Media Release on changes to NSW adoption laws
CHANGES TO NSW ADOPTION LAWS
PEAK CONSUMER BODY FOR KIDS IN CARE EXPRESSES CONCERNS AROUND ADOPTION
There is little doubt that instability for children and young people in the out-of-home care sector disadvantages them greatly and can negatively impact their future life prospects. Research shows that children who experience instability through moving around between multiple foster homes are more likely to experience emotional and psychosocial difficulties, more likely to struggle at school and more likely to become socially disadvantaged as they approach adulthood. Instability for children and young people in the out-of-home care system has presented a significant problem.
CREATE Foundation is the national consumer body representing the voices of children and young people with an out-of-home care experience (including kinship care, foster care and residential care). CREATE develops policy and research to report on and advocate for a better care system.
Whilst CREATE commends NSW government efforts to seek alternatives to children spending their lives in multiple foster homes with limited stability, and to provide permanency for those in long term stable foster care placements, it is concerned that adoption is not the panacea for all children and young people. CREATE Foundation’s CEO Jacqui Reed said today that “we are concerned that amendments to the Children and Young Persons (Care and Protection Act) and the Adoption Act to be introduced to NSW Parliament this week would mean children in the care system must be found a permanent home within two years of entering the child protection system. Each case should be assessed based on merit not a timeframe.”
“At this critical moment in statutory history it is imperative that the NSW Government observe and respect the voices of children and young people who have experienced care when it comes to decisions regarding adoption. Children and young people are the experts in their own life experience and the views and opinions of the child or young person in question must be paramount in any decision regarding permanent adoption as this will fundamentally impact their lives for years to come.”
“Adoption is part of a suite of options available to children and young people and is rightly focused on prioritising permanency for at-risk children who are in need of stable care. In some instances adoption may be a fitting option for those children whom a court has already decided can never return safely home.”
CREATE Foundation’s Sibling Placement and Contact in Out-of-Home Care report (2015), identifies that many children and young people in care are separated from their siblings, and highlights the unique role that the sibling relationship plays in a child or young person’s life. Ms Reed states that “special consideration should be given to the impact of the adoption process on siblings and wider family relationships to ensure they are maintained.”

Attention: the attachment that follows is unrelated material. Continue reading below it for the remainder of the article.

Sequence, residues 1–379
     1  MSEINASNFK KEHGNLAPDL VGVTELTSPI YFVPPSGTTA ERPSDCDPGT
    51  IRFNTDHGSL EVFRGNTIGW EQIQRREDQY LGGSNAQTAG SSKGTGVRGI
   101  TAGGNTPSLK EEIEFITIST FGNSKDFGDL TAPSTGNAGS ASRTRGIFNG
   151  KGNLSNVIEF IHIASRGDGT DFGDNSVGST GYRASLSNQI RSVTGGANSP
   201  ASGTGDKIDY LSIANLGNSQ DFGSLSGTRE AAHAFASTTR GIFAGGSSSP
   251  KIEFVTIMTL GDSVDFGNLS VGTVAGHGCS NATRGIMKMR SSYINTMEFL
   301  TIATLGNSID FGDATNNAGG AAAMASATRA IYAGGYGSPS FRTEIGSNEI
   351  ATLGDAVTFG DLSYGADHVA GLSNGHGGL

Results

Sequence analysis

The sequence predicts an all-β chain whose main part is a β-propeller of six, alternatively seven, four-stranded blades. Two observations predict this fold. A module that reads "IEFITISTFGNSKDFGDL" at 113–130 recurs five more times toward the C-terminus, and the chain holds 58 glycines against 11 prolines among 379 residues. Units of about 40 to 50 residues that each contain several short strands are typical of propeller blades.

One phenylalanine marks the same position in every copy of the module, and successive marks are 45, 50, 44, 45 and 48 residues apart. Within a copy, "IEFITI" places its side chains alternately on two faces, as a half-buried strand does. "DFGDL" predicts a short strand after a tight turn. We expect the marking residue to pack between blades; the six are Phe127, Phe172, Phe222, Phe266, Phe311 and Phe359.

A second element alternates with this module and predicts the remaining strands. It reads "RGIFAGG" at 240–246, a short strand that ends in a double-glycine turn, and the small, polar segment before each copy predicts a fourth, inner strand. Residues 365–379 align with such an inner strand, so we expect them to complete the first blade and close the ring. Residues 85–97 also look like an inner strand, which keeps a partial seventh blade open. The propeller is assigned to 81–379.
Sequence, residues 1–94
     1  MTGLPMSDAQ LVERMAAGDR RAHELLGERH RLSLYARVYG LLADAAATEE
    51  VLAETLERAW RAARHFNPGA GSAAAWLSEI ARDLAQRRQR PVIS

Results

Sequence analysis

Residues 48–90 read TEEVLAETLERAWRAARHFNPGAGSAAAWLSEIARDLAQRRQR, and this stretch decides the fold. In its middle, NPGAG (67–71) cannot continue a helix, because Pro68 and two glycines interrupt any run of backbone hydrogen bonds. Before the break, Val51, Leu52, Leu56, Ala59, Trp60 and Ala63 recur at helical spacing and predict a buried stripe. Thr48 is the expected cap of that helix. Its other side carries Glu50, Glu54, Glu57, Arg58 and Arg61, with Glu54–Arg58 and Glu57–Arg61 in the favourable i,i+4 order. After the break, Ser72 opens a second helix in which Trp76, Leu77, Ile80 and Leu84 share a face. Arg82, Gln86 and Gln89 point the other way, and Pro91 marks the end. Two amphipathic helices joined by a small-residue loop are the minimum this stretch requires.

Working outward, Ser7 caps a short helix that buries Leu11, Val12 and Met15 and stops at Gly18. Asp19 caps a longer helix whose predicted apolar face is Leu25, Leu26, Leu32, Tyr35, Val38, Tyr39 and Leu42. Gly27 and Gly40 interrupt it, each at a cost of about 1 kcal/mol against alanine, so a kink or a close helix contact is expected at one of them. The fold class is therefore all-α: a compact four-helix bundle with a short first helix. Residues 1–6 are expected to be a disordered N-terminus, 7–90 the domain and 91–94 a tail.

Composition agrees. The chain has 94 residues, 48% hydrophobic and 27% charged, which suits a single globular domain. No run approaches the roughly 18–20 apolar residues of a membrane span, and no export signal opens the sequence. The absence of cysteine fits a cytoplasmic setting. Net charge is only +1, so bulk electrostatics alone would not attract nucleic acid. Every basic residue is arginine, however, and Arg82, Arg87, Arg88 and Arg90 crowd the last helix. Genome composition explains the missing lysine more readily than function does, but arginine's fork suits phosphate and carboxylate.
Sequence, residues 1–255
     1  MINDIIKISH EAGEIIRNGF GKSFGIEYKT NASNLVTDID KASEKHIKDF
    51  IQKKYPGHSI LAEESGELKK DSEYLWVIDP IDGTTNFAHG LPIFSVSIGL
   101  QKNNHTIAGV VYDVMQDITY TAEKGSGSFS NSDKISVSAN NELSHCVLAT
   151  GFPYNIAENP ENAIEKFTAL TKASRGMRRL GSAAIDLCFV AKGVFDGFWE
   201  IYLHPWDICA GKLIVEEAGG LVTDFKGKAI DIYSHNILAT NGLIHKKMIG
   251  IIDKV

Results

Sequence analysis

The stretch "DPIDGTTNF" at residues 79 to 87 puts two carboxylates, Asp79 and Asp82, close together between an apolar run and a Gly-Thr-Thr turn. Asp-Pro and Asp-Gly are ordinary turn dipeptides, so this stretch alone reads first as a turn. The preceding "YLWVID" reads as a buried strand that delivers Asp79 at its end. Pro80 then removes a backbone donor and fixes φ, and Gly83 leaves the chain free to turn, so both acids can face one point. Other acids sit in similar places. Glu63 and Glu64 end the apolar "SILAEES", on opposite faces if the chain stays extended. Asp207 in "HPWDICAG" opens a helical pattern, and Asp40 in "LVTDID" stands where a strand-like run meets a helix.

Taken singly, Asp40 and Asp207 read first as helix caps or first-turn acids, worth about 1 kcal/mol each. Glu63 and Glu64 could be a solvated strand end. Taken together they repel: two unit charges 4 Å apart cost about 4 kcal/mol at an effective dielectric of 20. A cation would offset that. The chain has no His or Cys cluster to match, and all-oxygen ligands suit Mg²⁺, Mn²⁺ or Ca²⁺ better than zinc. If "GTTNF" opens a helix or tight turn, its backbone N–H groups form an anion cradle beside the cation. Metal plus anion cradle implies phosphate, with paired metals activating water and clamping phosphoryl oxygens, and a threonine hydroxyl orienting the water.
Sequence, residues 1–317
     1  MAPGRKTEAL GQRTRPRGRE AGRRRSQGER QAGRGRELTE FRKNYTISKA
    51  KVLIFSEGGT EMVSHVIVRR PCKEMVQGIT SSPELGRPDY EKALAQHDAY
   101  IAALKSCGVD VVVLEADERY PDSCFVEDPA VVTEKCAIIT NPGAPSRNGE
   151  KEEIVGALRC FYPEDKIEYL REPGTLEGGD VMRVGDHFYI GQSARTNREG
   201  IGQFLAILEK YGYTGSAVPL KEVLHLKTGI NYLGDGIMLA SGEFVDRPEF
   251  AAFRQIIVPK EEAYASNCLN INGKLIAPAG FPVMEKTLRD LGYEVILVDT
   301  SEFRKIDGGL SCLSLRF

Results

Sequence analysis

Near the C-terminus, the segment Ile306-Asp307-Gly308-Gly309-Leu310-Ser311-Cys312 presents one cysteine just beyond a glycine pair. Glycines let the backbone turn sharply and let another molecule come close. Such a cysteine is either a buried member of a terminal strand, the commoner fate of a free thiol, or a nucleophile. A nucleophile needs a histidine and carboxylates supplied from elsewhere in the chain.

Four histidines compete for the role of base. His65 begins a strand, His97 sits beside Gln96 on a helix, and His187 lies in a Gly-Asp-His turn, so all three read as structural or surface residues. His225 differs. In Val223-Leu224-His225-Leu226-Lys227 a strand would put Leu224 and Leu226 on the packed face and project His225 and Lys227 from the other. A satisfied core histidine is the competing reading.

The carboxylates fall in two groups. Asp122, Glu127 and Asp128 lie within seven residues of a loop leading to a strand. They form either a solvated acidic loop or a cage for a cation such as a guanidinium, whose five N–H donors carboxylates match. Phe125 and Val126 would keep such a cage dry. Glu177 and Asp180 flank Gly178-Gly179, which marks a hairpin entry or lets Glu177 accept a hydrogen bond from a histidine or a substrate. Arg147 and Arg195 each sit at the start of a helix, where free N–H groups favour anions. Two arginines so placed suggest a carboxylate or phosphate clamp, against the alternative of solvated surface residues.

Australian research demonstrates that stability in care is the key factor in developing a sense of security, belonging and a network of social support by children and young people. Stability is critical to the ongoing development and wellbeing of children and young people and is the ultimate goal for improving a young person’s life in out-of-home care.
CREATE calls on the NSW Government to listen intently to the voices of children and young people about their wishes regarding adoption and moreover, that in the quest to reduce costs that the voices of children and young people are not overlooked.
For more information on CREATE, please visit our website at www.create.org.au
Key statistics on the care sector in Australia:
- 47,915 children were in out-of-home care across Australia at 30 June 2017
- Young people in out-of-home care are 16 times more likely to be under a youth justice order than the general population
- 35% of young people experience homelessness within the first year of leaving care
- 46% of males have been involved with the justice system since leaving care
- 29% of young people who have left care or preparing to leave care are unemployed
- 36% children and young people in care do not live with any of their siblings
- 35% of young people in care have five or more caseworkers during their time in care
- 67% of young people in care over the age of 15 are not aware of having a leaving care plan
McDowall, J. J. (2015). Sibling placement and contact in out-of-home care. Sydney: CREATE Foundation
For further comment from CREATE’s CEO Jacqui Reed and/or a young person with care experience please call Andrea Doney 0402050418 and email@example.com